I address this subsection of section 28 of the FOI Act given that it is a specific provision whereby parents and guardians can, in certain circumstances, gain access to their children's personal information. Section 28(6) provides that, notwithstanding subsection (1), the Minister for Finance may provide by regulations for the grant of access where "the individual to whom the record concerned relates belongs to a class specified in the regulations and the requester concerned is the parent or guardian of the individual". The FOI Act 1997 (Section 28(6)) Regulations, 2009 (S.I. No. 387 of 2009), in turn, make provision for access by parents or guardians to personal information in relation to minors in certain circumstances.
The Regulations provide that a request for records relating to personal information about a minor shall be granted where the requester is the minor's parent or guardian and where, having regard to all the circumstances and to any guidelines drawn up and published by the Minister, access to the records would be in the minor's best interests. Guidance Notes published by the Minister specify certain factors to be taken into consideration in determining:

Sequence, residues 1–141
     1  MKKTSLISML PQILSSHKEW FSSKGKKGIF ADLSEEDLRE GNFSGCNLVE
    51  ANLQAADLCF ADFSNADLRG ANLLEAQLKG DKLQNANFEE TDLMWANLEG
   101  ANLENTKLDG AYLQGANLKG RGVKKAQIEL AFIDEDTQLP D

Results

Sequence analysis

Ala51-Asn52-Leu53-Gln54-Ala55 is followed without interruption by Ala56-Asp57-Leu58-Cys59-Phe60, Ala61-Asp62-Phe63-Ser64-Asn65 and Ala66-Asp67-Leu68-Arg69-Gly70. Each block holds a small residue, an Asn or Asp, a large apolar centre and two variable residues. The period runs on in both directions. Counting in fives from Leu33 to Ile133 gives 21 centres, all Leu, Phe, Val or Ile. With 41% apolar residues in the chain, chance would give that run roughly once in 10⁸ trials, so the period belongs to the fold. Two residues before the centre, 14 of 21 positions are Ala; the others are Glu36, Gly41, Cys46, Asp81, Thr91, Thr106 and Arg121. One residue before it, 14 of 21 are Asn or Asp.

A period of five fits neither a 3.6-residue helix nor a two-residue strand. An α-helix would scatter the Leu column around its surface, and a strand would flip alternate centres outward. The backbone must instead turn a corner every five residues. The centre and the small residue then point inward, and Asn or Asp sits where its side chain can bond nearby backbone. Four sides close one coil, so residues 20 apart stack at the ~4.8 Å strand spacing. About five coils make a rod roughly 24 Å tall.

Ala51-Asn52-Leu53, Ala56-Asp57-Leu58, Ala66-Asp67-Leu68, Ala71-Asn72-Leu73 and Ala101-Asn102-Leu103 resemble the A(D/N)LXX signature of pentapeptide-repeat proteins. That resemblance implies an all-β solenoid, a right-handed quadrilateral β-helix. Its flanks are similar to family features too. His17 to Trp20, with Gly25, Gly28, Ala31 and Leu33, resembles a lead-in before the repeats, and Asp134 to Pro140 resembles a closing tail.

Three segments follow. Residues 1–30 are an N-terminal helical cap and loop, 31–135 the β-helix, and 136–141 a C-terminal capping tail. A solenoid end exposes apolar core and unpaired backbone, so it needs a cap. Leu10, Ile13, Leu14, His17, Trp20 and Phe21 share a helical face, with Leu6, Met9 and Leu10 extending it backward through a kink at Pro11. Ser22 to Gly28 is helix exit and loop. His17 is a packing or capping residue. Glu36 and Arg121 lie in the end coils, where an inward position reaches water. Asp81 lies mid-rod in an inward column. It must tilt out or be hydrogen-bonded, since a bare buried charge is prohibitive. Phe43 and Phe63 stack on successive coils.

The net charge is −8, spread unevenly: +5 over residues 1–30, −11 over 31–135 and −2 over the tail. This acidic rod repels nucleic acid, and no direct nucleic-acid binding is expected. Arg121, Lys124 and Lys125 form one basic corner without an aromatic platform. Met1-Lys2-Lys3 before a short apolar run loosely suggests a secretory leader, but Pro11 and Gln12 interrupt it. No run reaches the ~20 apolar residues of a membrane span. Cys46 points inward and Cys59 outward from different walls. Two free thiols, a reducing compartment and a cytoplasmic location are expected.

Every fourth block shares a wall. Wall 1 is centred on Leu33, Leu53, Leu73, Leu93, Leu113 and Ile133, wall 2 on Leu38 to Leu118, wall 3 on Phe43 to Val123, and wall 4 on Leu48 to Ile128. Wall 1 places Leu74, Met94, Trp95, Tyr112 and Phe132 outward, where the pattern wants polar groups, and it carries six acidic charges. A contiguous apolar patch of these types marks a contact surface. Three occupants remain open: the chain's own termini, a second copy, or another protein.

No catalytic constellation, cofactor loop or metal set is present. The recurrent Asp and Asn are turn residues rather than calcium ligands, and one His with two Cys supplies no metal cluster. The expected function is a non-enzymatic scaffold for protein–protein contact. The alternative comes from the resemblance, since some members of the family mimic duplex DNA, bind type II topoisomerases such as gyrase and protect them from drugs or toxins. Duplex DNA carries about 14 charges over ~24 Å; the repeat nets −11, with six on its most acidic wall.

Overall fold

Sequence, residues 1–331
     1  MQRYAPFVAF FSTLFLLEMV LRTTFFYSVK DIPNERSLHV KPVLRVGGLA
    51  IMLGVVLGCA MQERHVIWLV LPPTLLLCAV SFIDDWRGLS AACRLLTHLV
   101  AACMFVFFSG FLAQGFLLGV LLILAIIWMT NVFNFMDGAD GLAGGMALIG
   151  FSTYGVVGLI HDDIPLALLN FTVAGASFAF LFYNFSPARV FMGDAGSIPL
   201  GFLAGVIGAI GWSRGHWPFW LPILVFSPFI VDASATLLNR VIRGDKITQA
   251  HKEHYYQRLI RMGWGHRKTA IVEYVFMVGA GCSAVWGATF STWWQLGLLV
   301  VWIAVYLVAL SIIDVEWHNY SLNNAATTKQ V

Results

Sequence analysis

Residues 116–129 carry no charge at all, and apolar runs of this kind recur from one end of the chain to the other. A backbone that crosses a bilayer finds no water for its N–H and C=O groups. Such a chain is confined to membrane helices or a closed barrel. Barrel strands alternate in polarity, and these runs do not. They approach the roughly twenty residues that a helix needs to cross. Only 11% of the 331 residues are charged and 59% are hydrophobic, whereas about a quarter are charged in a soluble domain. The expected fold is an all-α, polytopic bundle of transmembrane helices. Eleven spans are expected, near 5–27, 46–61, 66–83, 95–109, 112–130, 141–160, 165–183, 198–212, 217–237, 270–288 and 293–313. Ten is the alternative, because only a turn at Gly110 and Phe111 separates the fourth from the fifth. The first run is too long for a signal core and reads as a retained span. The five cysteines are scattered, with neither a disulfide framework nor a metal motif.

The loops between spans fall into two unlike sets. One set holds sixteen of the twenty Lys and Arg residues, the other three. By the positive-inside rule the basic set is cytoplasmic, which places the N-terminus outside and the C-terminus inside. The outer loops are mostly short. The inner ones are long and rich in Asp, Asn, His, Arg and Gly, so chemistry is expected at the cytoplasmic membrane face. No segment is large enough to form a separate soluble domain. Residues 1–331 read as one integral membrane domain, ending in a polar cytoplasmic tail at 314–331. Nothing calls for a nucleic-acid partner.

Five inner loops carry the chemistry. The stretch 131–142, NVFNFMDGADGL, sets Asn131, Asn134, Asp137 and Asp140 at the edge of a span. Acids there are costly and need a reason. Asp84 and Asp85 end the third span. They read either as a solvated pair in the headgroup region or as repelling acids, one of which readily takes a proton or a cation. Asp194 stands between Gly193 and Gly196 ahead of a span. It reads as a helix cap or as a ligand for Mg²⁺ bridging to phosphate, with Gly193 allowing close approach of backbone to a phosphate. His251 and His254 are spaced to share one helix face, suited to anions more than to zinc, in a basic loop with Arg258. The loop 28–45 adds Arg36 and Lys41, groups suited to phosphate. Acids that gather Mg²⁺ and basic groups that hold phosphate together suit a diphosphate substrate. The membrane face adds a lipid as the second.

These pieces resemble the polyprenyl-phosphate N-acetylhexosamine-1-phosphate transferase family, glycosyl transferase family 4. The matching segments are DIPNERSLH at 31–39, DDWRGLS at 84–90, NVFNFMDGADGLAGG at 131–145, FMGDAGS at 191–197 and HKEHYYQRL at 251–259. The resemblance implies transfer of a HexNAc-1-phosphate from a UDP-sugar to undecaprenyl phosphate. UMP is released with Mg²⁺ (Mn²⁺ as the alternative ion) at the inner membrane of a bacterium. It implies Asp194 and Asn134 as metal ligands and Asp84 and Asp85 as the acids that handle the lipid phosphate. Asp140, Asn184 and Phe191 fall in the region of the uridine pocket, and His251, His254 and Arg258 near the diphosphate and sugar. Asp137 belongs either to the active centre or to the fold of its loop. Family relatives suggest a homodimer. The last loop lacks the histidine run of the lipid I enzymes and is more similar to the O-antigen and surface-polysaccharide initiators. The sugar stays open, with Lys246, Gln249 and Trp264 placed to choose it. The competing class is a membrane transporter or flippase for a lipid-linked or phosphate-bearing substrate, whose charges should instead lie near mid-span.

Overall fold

Furthermore, in its judgment in the case of McK v. The Information Commissioner 1 I.R. 260, the Supreme Court commented that the views of a minor nearing the age of majority on the question of the release of information affecting his privacy rights are "very relevant". In that case, the Supreme Court held that a parent is entitled to a rebuttable presumption that access to his or her child's medical information is in the best interests of the child. The Supreme Court explained: "The presumption is that the release of such medical information would best serve the interests of the minor. However, evidence may be produced that it would not serve her interests, and, in considering the circumstances, her welfare is paramount."